Image result for The Crystal Palace (1871)
The Crystal Palace (1871) – painted during his time in London.


The Road to Versailles, Louveciennes: Morning Frost (1871)

Camille Pissarro, Hoarfrost, 1873
Hoarfrost (1873) – was displayed at the first Impressionist exhibit in 1874 in Paris. It marks a break with traditional forms of painting, as well as subject matter. In it, we see a simple, everyday laborer in the countryside, rather than a famous idea of a mythological figure or hero and so on. Sadly, Pissarro’s nine-year old daughter died shortly before the Impressionist exhibit, and his financial situation was dire. After this display, Pissarro rejected the Salon.

Camille Pissarro, Red Roofs, corner of a village, winter, 1877
Red Roofs, corner of a village, winter (1877)

The Garden of Pontoise (1877)


Le jardin de Maubuisson, Pontoise (1882)

Camille Pissarro, Haymaking, Éragny, 1887
Haymaking, Éragny (1887) – painting created using the experimental technique of pointillism.

Pissarro was a teacher of many painters, including Gaugin and Cézanne. In 1884, art dealer Theo Van Gogh asked Pissarro to house his older brother, Vincent Van Gogh. The two developed a rapport, Pissarro was greatly impressed by Van Gogh, who was 23 years his junior, though Van Gogh never actually boarded with Pissarro. Unlike some of the other more fiery painters of the time, Pissarro’s personality was described as gentle, like a patient teacher. Interestingly enough, he was also enormously influenced by Japanese art, much like Monet.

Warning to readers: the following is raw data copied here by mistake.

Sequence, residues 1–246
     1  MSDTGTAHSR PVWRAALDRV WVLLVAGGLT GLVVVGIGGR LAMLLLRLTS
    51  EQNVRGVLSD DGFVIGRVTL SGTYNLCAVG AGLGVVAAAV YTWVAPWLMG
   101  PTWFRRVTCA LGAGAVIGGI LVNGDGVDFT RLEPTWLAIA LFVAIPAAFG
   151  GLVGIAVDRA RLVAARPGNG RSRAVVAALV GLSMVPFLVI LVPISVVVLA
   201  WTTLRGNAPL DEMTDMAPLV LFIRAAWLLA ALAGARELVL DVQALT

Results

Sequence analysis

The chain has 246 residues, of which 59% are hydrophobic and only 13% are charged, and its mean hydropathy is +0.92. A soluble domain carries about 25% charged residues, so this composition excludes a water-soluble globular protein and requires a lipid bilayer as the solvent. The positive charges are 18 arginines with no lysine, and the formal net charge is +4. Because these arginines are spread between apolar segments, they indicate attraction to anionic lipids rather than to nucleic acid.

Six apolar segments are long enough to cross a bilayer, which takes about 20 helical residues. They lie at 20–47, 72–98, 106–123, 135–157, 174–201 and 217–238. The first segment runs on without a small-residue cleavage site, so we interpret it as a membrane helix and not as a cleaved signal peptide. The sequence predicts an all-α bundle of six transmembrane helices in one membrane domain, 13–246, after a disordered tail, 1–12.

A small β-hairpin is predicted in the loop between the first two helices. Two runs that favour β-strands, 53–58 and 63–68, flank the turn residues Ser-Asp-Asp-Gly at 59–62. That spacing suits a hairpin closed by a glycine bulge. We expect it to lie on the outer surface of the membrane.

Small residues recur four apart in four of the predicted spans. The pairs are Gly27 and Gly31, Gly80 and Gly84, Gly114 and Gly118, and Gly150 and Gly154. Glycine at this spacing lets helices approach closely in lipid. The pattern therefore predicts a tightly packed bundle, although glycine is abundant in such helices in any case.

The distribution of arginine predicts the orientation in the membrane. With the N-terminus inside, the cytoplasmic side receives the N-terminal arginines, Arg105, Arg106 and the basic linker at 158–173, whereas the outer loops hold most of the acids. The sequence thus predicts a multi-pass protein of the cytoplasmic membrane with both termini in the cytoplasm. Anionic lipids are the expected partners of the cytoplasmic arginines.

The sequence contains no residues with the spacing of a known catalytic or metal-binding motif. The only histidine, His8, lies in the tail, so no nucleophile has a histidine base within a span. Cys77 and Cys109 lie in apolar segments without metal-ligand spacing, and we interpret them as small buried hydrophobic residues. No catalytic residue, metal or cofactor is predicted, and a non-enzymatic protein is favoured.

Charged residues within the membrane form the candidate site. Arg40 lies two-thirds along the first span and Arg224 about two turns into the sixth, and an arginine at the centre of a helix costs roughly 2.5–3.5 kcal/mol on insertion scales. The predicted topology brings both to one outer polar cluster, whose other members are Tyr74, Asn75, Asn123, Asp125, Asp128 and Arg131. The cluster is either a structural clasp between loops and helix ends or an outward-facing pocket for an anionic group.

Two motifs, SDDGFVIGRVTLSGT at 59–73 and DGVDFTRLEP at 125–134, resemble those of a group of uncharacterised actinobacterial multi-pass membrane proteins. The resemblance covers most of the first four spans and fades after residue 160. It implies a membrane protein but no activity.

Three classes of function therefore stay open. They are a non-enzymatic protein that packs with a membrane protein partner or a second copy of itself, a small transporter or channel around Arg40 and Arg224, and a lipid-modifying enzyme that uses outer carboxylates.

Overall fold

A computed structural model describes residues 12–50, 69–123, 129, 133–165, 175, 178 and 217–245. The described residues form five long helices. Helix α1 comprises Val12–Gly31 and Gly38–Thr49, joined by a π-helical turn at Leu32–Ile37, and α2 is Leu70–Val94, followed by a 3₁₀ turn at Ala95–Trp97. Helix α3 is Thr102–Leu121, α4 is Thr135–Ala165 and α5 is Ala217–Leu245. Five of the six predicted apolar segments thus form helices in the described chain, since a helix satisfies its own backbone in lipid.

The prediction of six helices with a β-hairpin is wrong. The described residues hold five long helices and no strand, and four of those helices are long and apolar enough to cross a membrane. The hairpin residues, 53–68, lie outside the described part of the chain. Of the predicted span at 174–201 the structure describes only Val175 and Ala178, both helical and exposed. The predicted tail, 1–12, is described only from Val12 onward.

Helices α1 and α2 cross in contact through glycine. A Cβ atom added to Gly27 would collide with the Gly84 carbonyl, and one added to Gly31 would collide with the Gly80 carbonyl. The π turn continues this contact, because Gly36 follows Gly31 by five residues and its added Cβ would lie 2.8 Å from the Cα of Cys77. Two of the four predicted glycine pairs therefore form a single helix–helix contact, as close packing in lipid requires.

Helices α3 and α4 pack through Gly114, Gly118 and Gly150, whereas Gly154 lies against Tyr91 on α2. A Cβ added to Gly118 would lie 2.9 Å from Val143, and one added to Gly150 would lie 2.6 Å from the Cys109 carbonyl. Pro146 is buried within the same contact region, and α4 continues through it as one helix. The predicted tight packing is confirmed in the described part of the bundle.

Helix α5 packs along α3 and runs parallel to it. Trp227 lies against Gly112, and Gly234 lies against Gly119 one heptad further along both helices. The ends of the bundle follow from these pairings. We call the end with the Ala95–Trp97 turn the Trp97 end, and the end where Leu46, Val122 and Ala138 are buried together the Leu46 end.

Camille Pissarro, Two Young Peasant Women, 1891-92
Two Young Peasant Women (1891-1892) – Pissarro used a blended form of pointillism in this painting. Unfortunately, the painting did not sell so he gave it to his wife, Julie Vellay. The woman portrayed on the left is Julie’s cousin.

Like Monet, Pissarro also completed series paintings, like those of MontMarte, some of his most famous (1897-1898):

Rouen, Rue de l’Épicerie (1898)

Image result for Afternoon Sunshine, Pont Neuf (1901)
Afternoon Sunshine, Pont Neuf (1901)

In his later life, he struggled with an eye infection and he lived in a variety of French hotels, until his death in 1903. Three of his sons went on to become Impressionist and Post-Impressionist painters.

Camille Pissarro, photographed circa 1900

Leave a Reply

Fill in your details below or click an icon to log in:

WordPress.com Logo

You are commenting using your WordPress.com account. Log Out /  Change )

Google photo

You are commenting using your Google account. Log Out /  Change )

Twitter picture

You are commenting using your Twitter account. Log Out /  Change )

Facebook photo

You are commenting using your Facebook account. Log Out /  Change )

Connecting to %s